Enterprise Example: Imogen Heap, Music Artist and Entrepreneur

“Can’t take it in” sang Imogen Heap in the 2005 movie, ‘The Lion, the Witch and the Wardrobe.’ It is just one of many original compositions by the award-winning artist. Heap is successful as composer, performer and producer.

Heap was born in late 1977. This means that she was not yet fourteen when the World Wide Web was established by another Briton, Tim Berners-Lee. For Heap, it was inevitable that her music career would be conducted through the portals of the information age and all of the disruption that has affected the music industry. Napster was released in 1999 (Heap was twenty-one), and its users peaked in 2001 before enforced closure. iTunes was launched in 2001 and Spotify in 2008. Different to previous generations of artists who earned money through complex retail and licensing arrangements (primarily record sales), Heap’s career has been conducted against the economic uncertainties of the era of digital music.

Once, music piracy was the primary source of loss of earnings amongst artists but later it was joined as a source of ire by the economic power of the large digital platforms, especially streaming platforms. Artists Taylor Swift and Thom Yorke have been vocal and active critics of these platforms and the rearranged value chain that they represent. On Twitter, but of Spotify, Yorke stated, “Make no mistake new artists you discover on #Spotify will not get paid. Meanwhile shareholders will shortly being rolling in it. Simples.”

Seeking artistic freedom and rewards for that artistry, Heap has been the most prominent artist/entrepreneur associating with the Blockchain. The Blockchain (a distributed ledger) allows content to be securely tracked across the internet. Transactions are potentially secure and, because of smart contracting systems like Ethereum, potentially automated. Any user on any enabled site can pay for access to Heap’s work (or the work of any other artist or any other kind of artist) and smart contracts can manage payment of royalties, not only to the primary artist but across the supply chain (e.g. to session musicians, or the music engineer).

Entrepreneurially, Heap has developed these concepts through her Mycelia site, as well as associating with the blockchain startup Ujo. She has brought a new music industry into prospect. This new industry will be oriented around the artist. It is not a return to the pre-internet era of music publishing companies and record labels, nor is it the further development of the large-scale platforms and streaming services. In the next era, a common artistic repository based on blockchain technology will allow content to be tracked to its source and payments made. It represents a new business model, a new value chain and a new utilization of both a centralised repository and decentralised control.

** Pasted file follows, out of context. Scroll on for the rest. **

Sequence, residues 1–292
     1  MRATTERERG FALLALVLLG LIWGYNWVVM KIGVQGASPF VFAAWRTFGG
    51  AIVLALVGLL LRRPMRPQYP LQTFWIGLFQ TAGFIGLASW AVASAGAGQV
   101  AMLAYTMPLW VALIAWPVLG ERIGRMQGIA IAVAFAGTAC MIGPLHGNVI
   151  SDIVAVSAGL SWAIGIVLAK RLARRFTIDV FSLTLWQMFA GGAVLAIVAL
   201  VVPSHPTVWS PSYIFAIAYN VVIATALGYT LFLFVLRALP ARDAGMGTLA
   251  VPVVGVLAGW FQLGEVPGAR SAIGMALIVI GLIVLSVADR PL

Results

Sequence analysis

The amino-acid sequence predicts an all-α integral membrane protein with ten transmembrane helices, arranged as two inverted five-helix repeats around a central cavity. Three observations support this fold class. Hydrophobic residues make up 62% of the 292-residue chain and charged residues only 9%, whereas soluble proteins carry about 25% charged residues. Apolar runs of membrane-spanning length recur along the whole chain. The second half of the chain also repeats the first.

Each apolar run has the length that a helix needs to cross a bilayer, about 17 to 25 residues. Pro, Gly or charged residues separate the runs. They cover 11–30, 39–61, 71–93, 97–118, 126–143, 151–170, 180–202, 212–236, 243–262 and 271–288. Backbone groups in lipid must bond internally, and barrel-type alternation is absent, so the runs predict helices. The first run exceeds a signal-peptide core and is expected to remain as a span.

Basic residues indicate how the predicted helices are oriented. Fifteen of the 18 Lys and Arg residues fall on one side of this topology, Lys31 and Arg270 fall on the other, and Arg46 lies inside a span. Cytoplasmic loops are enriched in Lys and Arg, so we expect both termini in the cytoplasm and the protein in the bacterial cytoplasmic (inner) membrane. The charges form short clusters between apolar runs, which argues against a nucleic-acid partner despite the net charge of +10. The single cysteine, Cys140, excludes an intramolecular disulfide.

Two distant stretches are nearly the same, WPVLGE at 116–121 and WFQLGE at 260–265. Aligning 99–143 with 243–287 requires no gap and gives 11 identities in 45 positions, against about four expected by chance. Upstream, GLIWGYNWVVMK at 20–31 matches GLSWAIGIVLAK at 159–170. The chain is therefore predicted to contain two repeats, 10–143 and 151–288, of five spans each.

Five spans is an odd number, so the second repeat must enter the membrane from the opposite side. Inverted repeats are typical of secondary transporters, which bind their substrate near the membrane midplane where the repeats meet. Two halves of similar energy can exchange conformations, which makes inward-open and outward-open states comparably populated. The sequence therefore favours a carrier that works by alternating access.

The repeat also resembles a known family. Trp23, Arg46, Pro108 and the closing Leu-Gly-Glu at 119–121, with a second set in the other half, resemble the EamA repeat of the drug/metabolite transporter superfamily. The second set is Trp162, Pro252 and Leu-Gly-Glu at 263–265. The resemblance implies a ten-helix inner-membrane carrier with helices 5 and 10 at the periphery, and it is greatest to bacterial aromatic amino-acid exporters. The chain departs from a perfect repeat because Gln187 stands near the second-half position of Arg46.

In 2017 in the Harvard Business Review, Heap wrote: “I believe that featured artists – those “on the cover” – should inevitably be entrusted to ensure that everyone involved in creating music in their name will be duly acknowledged and compensated. The blockchain effect has inspired creatives in the industry that a better future lies ahead. If guided and nurtured in the right ways, blockchain holds the potential to give us a golden age of music not just for its listeners, but for those who make it, too.”

Earlier, in 2015, to Forbes magazine, she said, “Now it feels as if the music industry is a complete mess, a rusty, overstretched, tired machine. Grappling with a lot of old crooked contracts that don’t reflect our times, music services that run on greed to please shareholders smothered in buy-buy-buy adverts, dated accounting setups favouring anyone but the artist thanks to gross inefficiencies, confusing royalty statements and delayed payments (if any at all), coupled with the music itself not always being tagged effectively, and thus leading to mistakes… plus patchy copyright databases. It is almost impossible to find out who REALLY gets what. I’ve lost sleep in the past, scratching my head over the small print, with an icky feeling maybe I was selling my soul to do what I love. And, at the end of it all, more times than not, we are listening to seriously degraded quality sound files, on tinny speakers or trendy hyped up headphones lacking quality sound. Artists and music, deserve better.”

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